ASU libraries go remote, offer services digitally

Books can still be loaned and borrowed, but the process is done largely online

All ASU libraries have closed and are “open for remote services only” beginning Tuesday, according to the ASU Library website.

Students in need of material for course work can still find it digitally through the Library’s website, though this option is not available for all materials.

Certain books are still eligible to be checked out and received by students if they have a “Request ASU Copy” link. From there, the book can either be picked up at the Hayden Library or shipped for students who returned home from ASU. 

Emails will be sent to students who have requested materials when they are ready to be picked up, and pickup will occur Monday through Friday from 1-3 p.m.

All due dates for books have been extended and any accrued fines will be waived during this period, according to the library website. 

“The Arizona State University Library will continue to support students in every possible way during this period of online-only instruction at ASU,” said Jim O’Donnell, the University Librarian, in an update on the site. “In addition to expanding some of our digital services, such as Ask A Librarian, our online chat service, the library is prepared to fully harness the power of its remote learning tools.”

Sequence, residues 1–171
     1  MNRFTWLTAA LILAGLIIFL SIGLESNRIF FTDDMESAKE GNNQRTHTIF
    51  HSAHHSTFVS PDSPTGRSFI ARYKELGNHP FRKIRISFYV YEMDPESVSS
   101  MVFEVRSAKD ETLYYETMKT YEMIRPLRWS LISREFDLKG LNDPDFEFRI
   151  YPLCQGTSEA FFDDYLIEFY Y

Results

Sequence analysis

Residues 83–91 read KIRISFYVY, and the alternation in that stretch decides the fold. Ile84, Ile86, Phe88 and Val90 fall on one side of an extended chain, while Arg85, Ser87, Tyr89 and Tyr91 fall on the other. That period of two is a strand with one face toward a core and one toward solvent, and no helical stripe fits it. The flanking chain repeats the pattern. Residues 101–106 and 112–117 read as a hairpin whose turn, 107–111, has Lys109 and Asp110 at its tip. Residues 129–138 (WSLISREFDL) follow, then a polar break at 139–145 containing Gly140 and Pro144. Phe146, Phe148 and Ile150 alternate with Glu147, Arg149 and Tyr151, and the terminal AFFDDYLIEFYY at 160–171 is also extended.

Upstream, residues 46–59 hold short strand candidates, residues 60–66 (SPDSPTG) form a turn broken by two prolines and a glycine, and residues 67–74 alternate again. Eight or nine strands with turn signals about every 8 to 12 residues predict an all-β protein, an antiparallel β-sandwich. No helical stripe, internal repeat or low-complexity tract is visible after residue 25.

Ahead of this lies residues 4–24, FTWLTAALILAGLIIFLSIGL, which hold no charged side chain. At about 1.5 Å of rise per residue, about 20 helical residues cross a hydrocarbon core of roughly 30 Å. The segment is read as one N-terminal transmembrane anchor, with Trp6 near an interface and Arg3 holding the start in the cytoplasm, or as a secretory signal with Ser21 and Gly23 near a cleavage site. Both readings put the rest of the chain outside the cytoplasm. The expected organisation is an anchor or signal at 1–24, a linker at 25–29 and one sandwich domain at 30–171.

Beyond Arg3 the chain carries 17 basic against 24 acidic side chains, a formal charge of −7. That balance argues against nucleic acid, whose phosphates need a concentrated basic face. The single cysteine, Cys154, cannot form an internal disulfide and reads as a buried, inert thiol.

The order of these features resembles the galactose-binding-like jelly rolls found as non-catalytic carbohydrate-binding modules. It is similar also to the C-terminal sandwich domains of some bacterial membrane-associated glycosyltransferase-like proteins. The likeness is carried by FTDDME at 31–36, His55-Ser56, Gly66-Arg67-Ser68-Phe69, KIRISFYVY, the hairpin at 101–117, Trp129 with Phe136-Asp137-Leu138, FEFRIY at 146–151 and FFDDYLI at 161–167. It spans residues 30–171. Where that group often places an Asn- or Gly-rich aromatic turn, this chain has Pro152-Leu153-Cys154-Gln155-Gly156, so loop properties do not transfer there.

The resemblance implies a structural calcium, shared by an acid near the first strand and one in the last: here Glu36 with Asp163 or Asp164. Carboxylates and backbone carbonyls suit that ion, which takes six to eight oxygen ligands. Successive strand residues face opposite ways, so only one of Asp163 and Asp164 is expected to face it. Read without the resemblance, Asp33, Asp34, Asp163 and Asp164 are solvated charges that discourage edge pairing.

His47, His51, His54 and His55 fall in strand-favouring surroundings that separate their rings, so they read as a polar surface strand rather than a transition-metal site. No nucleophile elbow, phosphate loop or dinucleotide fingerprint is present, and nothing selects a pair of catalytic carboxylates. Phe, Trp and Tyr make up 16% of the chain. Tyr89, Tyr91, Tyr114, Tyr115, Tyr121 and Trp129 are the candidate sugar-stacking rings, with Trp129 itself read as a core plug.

Students in need of research assistance can use Ask A Librarian to help with finding the right person to help. Professors can still request the help of a librarian for their class by sending a request for Library Instruction online to schedule a Zoom meeting with the class. 

The ASU Library website has also added a COVID-19 resource page for indigenous peoples, Arizona Superintendent of Public Instruction Kathy Hoffman announced on Twitter today.

The page includes resources concerning the pandemic for Indigenous people, creating one central page to find information concerning tribal lands, their response to COVID-19 and resources from ASU.

Help with gaining internet access can be found on the page, offering links to request laptops and hotspots, services to get free wifi during these times and locations within tribal nations where internet access is accessible.

"ASU, NAU, and UA American Indian student support staff are working collectively to create a list of locations within individual tribal nations and communities that can provide Internet access," the website says. "We will make this information available once completed."

Additional links to Tribal Nations pages, health statistics and current cases of COVID-19, academic support, local news outlets and more can be found on the page.

"This page, created by the Labriola Center, in collab with #Indigenous communities, is a starting point for students primarily and the wider community seeking Indigenous-centric resources & tribal perspectives on COVID-19," the ASU Library Twitter said.

Arizona currently has 1,289 confirmed cases and 24 deaths as a result of COVID-19, the Arizona Department of Health Services said on their website Tuesday. Gov. Doug Ducey declared on March 30 a statewide ‘stay-at-home’ executive order, which will last until April 30. 


Reach the reporter at wmyskow@asu.edu and follow @wmyskow on Twitter. 

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